• I guess the easy way to get at orientability is to compute the fundamental group. The fibration O_n --> G_{n,k} gives you that computation. In most cases the fundamental group is Z_2, and you can check relatively quickly how orientations are transported across that loop. I think the generator is rotation by \pi in a 2-dimensional subspace that intersects the given k-dimensional subspace in a 1-dimensional subspace. I believe this argument proves G_{n,k} is non-orientable provided k>1 and n-k>1. So the only possible orientable G_{n,k} is G_{n,1} and G_{n,n-1} which happens only when n is even, as you've pointed out. Rybu (talk) 19:42, 25 October 2009 (UTC)

## Grassmanian as a metric space

I'm very interested in the properties of the metric suggested in the article: does anyone have any reference on the subject? Hobbs&Calvin (talk) 15:56, 10 July 2010 (UTC)

What kind of properties do you want to know about? Rybu (talk) 03:16, 6 August 2010 (UTC)

Are complex Grassmannian manifolds Kahler-Einstein? —Preceding unsigned comment added by 114.255.218.1 (talk) 13:02, 5 August 2010 (UTC)

You should be able to answer this question from this article and the Kahler manifold article. 1) Are Grassmannians complex submanifolds of ${\displaystyle \mathbb {C} P^{n}}$? 2) Are complex submanifolds of ${\displaystyle \mathbb {C} P^{n}}$ Kahler? Rybu (talk) 03:16, 6 August 2010 (UTC)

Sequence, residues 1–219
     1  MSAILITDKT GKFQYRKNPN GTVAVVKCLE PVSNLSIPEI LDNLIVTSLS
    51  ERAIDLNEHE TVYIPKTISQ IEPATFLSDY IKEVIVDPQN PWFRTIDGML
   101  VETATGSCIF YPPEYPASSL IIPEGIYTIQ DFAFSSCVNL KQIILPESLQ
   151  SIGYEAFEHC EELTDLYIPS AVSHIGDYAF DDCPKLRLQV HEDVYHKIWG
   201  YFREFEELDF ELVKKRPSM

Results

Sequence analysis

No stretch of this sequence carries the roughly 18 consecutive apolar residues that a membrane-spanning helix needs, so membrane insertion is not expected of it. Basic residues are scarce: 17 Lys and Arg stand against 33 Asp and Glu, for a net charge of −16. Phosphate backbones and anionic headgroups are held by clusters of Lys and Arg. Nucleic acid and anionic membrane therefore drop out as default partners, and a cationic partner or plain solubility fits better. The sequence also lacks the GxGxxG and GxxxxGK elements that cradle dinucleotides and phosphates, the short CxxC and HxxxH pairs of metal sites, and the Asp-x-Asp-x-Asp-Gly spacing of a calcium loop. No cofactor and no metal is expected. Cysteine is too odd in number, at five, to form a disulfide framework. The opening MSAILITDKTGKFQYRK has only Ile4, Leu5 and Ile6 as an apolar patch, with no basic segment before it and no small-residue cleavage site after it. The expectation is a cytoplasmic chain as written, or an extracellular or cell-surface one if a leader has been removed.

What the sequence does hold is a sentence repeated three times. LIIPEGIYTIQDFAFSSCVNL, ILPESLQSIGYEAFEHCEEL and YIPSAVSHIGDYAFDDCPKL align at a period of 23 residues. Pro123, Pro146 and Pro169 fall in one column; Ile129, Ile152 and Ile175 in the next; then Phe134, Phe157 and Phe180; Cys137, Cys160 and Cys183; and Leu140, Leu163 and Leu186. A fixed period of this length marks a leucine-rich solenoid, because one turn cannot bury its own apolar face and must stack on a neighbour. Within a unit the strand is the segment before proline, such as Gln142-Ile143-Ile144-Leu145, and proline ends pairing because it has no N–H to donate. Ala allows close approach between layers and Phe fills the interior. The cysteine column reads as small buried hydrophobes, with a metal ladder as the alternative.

Can a Grassmannian topology be described in terms more accessible to the layman? When someone referred me here I was hoping for something along the lines of "the cartesian product of a p-sphere and a q-sphere" — I didn't expect to have to learn about stabilizers and Plücker embeddings for what seems like it ought to be a simple concept. (Is that enough whining?) —Tamfang (talk) 04:01, 7 September 2010 (UTC)

Read the section about the Grassmannian as a homogeneous space. It includes an explicit metrization of the Grassmannian. Rybu (talk) 05:32, 7 September 2010 (UTC)
Does the metric tell me what its overall shape is? —Tamfang (talk) 08:27, 7 September 2010 (UTC)
I don't think there is any explicit description like you're hoping for. Grassmannians are, like projective spaces, fundamental geometric objects. You may find the Plücker embedding of Gr(2,4) to be a helpful thing to study. If you're familiar with Lie groups and their representations, then the homogeneous space approach should help you get a handle on things. Ozob (talk) 11:05, 7 September 2010 (UTC)
A projective space can at least be modeled by a sphere with antipodes identified. —Tamfang (talk) 23:48, 9 September 2010 (UTC)
What do you mean by "overall shape"? If you don't have a well-defined question in mind it's hard to expect a nice answer for it at Wikipedia. :) Rybu (talk) 17:07, 7 September 2010 (UTC)